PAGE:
King said returning Tyson’s chicken segment to profitability remains a top priority and the company is pleased with the progress. He said by mid-2022 the chicken segment’s operating margin should be back between 5% and 7%. He said demand remains strong and the company continues to invest in added capacity. He said increasing production volume will be the building blocks for getting the chicken segment back to profitability. He said the company is fully staffed in its poultry plants and overall plants are running at their highest capacity in two years.
He admitted that the labor shortage overall is a huge hurdle for the manufacturing, hospitality and service industries.
“There are more jobs chasing fewer people today,” he said.
Tyson plans to use technology to help with labor issues. He told Talk Business & Politics a big chunk of the company’s $2 billion in capital expenditures for fiscal 2022 will be on automation, robotics and analytics technology to increase efficiencies and raise production capacity. He said Tyson is using robotics and other automation to fill repetitive and labor intensive jobs like the deboning lines of white and dark meat chicken. He said in prepared foods plants it is being used to put together sandwiches like the Jimmy Dean breakfast frozen products. He said during the next two years automation will go into 12 new lines to increase capacity.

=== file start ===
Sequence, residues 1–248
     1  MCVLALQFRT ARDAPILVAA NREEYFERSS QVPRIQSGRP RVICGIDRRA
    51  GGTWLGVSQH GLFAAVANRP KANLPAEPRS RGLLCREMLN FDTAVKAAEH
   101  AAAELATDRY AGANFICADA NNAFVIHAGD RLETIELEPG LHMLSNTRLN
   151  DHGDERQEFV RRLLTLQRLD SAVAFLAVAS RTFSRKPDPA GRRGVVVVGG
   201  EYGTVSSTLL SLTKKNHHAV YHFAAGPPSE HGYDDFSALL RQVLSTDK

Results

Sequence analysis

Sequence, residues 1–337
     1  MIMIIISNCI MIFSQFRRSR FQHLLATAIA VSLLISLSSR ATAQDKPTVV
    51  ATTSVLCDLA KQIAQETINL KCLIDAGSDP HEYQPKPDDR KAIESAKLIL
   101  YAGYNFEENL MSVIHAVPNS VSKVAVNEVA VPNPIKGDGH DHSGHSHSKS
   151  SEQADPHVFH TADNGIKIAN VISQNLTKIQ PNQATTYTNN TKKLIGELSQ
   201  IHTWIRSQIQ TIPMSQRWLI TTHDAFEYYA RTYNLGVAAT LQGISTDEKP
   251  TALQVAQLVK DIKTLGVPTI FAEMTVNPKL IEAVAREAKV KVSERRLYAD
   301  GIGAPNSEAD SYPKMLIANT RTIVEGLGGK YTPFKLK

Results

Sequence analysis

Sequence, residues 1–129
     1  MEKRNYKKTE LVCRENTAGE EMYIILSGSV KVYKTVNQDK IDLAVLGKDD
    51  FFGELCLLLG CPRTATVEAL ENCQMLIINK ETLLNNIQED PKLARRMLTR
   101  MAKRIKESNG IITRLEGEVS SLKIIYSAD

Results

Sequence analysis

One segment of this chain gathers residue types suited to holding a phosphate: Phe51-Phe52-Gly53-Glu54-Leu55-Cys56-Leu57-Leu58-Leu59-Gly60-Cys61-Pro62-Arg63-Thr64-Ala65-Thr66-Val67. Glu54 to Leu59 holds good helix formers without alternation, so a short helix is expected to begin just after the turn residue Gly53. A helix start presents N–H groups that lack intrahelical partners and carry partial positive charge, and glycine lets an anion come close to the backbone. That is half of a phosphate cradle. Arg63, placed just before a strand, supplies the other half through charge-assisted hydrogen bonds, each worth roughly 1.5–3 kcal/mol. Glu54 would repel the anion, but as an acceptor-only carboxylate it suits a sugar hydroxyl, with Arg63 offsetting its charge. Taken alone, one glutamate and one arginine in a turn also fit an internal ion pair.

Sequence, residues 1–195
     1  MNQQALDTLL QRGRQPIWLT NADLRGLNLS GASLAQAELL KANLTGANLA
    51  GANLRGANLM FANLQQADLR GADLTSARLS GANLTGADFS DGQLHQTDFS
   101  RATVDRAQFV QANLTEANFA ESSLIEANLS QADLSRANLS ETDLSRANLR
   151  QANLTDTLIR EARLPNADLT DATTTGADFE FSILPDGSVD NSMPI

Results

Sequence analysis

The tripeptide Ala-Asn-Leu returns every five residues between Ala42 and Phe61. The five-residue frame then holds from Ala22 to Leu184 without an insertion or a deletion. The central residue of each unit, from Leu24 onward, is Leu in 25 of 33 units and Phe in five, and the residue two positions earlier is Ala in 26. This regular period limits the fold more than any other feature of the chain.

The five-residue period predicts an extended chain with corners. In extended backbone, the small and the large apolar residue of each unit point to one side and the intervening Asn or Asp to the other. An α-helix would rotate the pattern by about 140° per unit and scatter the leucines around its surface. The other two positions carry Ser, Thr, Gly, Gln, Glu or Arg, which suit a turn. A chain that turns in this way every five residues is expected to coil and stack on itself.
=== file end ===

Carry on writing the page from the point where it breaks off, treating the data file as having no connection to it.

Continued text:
King also unveiled a new productivity plan to deliver more than $1 billion savings by 2024. He said $300 million will come from operational and functional agility improvements that improve business processes in plants and other operations. Another $250 million is expected to come from artificial intelligence applications to improve efficiency in warehouses, logistics and supply chain planning. Robotics and automation are predicted to generate $450 million in savings in worker safety, labor shortages, and training and retention.
“We have tremendous opportunities ahead as we work to fulfill growing global demand for safe and nutritious protein products. We’re entering fiscal 2022 with great momentum and are committed to delivering strong returns for shareholders into the future,” King said.
Tyson Foods remains flush with cash while reducing its total debt by approximately $3 billion in fiscal 2021. Tyson said it will continue to pay down debt with its free cash in 2022 and invest $2 billion back into the business while also raising the dividend and share buybacks. Tyson’s board of directors on Monday raised the annual stock dividend to $1.84 per share for fiscal 2022, up 3% over last year.
Ben Bienvenu, an analyst with Stephens Inc., said Tyson’s results and 2022 guidance affirm his bullish long-term views for the company. He expects improvement in chicken and prepared foods margins to continue with sustained success in beef. Bienvenu also likes the company’s work to lower its interest expense and grow the top line into the new year. Bienvenu said he will keep his “buy” rating on Tyson Foods. (On occasion Stephens provides investment banking services for Tyson Foods and is compensated accordingly.)
Tyson Foods shares (NYSE: TSN) rallied on the better-than-expected results Monday. At midday shares were trading up more than 3% to $83.90. Over the past 52 week shares have traded between $60.52 and $84.78.